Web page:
Eighty percent of pancreatic cancers are diagnosed at a late stage, when surgery is no longer a treatment option. When doctors can diagnose pancreatic cancer at earlier stages, our patients have more options for treatment, as well as a greater chance for successful recovery.
Experts at our Pancreatic Cancer Early Detection and Prevention Center aim to prevent and diagnose pancreatic cancer at the earliest stage possible. The center, part of NYU Langone’s Perlmutter Cancer Center, brings together clinicians, researchers, and patients, with the goal of increasing the 5-year survival rate of pancreatic cancer to 50 percent within the next 10 years.
Finding Pancreatic Cancer Early
To help you learn more about your risk for pancreatic cancer, our Pancreatic Cancer Early Detection and Prevention Center has developed a screening tool in partnership with the University of Michigan Rogel Cancer Center. This tool includes questions about your health and family history that can help you determine if you have genetic risk factors for pancreatic cancer.
If you are found to be at risk, we can put you in touch with our experts, who may recommend genetic testing and other screening tests.
Take our pancreatic cancer risk assessment.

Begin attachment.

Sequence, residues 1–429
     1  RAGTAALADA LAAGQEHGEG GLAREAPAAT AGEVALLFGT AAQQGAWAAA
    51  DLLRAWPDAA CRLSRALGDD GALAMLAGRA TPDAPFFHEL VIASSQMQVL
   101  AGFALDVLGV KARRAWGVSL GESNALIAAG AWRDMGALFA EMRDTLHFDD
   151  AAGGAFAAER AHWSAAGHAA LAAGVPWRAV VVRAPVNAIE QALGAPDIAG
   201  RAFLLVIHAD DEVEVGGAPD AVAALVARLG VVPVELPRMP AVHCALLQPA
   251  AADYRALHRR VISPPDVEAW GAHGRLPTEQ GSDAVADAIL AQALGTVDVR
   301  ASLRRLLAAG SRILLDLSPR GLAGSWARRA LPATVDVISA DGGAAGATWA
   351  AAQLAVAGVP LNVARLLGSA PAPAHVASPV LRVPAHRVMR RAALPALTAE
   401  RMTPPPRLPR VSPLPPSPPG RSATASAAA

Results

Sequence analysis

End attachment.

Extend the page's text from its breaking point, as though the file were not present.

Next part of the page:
We provide risk assessment, genetic counseling, and genetic testing for people with family histories suggestive of inherited risk, such as those who have two or more family members with pancreatic cancer. Based on the results of genetic testing, we can make recommendations for screening.
If at least one person in your family has had pancreatic cancer, additional risk factors include the following:
- a family member with breast cancer before age 50 or multiple family members with breast cancer at any age
- a family member with ovarian cancer
- a family member with colon or uterine cancer before age 50, or multiple family members with colon or uterine cancer
- more than one family member with melanoma
You are also considered at risk if a genetic test shows that you have a gene mutation for a disease that is associated with pancreatic cancer, especially if a family member had pancreatic cancer. These gene mutations include the following:
- BRCA1, BRCA2 (breast and ovarian cancer)
- ATM, PALB2 (breast cancer)
- CDKN2A (melanoma)
- MLH1, MSH2, MSH6, PMS2, EPCAM (Lynch syndrome)
- STK11 (Peutz-Jeghers syndrome)
For people at an increased risk of pancreatic cancer, based on family history or genetic test results, doctors at Perlmutter Cancer Center may perform annual screening tests to detect developing tumors.
Research on New Blood Tests
Our researchers are developing and validating new blood tests to detect pancreatic cancer early. You may be asked to participate in research studies that investigate new approaches for early detection of pancreatic cancer.